You heard from your Early Childhood Director about the program she just held. She told you 15 families attended; the program timing was spot on; the kids had fun; the parents were happy when they left, and you received no serious complaints.
Your Early Childhood Director feels good about the program, and said it was a success. But was it? What determines a successful event when gathering families with young children? Is it the number of registrations? The number of people who attend? The efficient and cost-effective way in which you run the program?
Measuring success is more than just answering quantitative questions. While these are important, there are other equally crucial questions that can’t be ignored. We at the URJ suggest that it’s time to rethink traditional measures of success.
Consider working with your Early Childhood Director to think about measuring a program’s success by focusing on RMI: Relationships, Meaning, and Impact.
How are you supporting families in building deep relationships with other people in the community who are in the same stage of life? How and when are you encouraging families to exchange contact information so they can follow up on their own? How does the program support a second connection? In what ways can you design follow up connection and community building? How are you collecting information about new, emerging relationships?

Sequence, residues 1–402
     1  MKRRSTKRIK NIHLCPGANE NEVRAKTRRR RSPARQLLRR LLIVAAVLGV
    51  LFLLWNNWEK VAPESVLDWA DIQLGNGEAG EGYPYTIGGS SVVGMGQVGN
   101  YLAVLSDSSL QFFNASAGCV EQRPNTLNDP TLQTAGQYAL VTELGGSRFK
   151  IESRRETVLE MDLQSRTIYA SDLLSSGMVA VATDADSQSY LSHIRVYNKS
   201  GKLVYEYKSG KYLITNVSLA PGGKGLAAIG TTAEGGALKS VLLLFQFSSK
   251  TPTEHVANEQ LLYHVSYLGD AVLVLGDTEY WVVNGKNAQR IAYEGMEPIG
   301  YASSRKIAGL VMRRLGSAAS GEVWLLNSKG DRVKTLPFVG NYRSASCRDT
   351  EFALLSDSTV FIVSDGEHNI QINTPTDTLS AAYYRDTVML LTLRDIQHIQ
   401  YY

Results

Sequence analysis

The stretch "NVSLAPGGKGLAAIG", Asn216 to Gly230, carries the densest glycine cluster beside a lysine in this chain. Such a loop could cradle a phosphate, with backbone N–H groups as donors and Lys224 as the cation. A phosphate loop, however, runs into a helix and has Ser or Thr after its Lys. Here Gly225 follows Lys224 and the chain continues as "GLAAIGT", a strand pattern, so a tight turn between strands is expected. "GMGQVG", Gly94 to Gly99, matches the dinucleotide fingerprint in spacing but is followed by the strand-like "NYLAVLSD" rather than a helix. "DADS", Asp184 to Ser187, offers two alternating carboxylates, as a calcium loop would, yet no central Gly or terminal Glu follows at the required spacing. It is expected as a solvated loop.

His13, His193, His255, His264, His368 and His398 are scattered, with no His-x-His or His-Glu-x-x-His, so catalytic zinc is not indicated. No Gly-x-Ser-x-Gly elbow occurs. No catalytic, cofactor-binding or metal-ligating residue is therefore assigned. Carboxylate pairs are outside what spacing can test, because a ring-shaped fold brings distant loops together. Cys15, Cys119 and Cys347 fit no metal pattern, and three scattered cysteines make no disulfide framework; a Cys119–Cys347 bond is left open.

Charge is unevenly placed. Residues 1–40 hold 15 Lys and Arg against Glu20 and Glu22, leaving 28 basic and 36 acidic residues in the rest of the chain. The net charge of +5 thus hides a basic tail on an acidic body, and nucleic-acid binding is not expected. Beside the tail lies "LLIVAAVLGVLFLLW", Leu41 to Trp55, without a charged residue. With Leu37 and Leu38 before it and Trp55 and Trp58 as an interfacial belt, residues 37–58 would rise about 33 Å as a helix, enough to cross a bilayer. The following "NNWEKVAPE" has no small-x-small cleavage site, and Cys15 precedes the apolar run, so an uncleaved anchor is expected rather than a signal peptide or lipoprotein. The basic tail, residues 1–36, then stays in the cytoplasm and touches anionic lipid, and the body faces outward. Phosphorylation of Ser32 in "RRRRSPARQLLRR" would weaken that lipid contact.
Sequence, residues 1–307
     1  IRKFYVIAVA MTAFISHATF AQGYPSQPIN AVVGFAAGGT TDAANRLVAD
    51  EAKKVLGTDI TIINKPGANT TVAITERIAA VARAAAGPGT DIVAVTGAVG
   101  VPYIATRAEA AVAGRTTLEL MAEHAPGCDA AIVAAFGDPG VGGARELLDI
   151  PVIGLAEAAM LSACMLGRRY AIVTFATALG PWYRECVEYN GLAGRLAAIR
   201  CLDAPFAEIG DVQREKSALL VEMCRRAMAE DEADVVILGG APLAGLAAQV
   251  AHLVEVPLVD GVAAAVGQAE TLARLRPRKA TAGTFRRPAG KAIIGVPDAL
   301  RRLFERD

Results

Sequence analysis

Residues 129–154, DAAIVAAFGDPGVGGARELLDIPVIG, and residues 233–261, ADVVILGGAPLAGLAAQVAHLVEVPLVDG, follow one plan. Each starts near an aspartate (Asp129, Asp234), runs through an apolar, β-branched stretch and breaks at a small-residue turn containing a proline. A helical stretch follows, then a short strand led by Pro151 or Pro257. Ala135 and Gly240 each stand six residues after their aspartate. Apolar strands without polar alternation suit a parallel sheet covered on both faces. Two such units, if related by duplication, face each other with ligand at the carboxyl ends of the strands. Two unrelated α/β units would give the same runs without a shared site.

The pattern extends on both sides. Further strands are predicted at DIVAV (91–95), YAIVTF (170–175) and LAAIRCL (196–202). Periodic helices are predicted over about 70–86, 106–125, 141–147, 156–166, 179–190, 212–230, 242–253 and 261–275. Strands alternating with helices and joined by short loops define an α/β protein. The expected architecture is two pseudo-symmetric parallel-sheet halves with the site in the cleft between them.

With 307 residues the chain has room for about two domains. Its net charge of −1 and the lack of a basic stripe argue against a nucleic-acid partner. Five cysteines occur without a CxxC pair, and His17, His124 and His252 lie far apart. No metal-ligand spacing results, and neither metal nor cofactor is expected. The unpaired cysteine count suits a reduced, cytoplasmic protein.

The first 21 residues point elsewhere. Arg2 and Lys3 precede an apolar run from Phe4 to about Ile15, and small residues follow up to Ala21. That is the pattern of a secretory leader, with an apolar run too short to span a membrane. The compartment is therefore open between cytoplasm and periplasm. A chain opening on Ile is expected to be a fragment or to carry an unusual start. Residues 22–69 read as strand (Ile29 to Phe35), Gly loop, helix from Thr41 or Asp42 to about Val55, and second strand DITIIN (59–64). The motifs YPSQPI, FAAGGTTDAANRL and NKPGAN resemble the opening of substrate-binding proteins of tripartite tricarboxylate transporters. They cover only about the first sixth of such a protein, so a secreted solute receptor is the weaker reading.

How do you know if you are creating programs and experiences that respond to the needs and interests that will bring meaning to the families’ lives at this moment? How might we find Jewish traditions and wisdom that speak to their moment, to their need at this stage? In what ways can you determine how families are finding meaning? How are you asking for reflective feedback from your participants? How are you showcasing their experiences to others?
How are the family engagement experiences we design and create connected to bringing more justice, compassion, and wholeness to the world? How are we bringing Reform Jewish values to our experiences? How are we supporting our families in contributing to making the world a better place? How are we determining impact?
Thinking deeply about relationships, meaning and impact doesn’t suggest numbers and critical fiduciary responsibilities aren’t important, but they shouldn’t be the primary measures. To learn more about how the URJ is thinking about success, read this article from Amy Asin, URJ Vice President of Strengthening Congregations.
Julie Lambert, RJE , Associate Director, Congregational Innovation, Strengthening Congregations for the URJ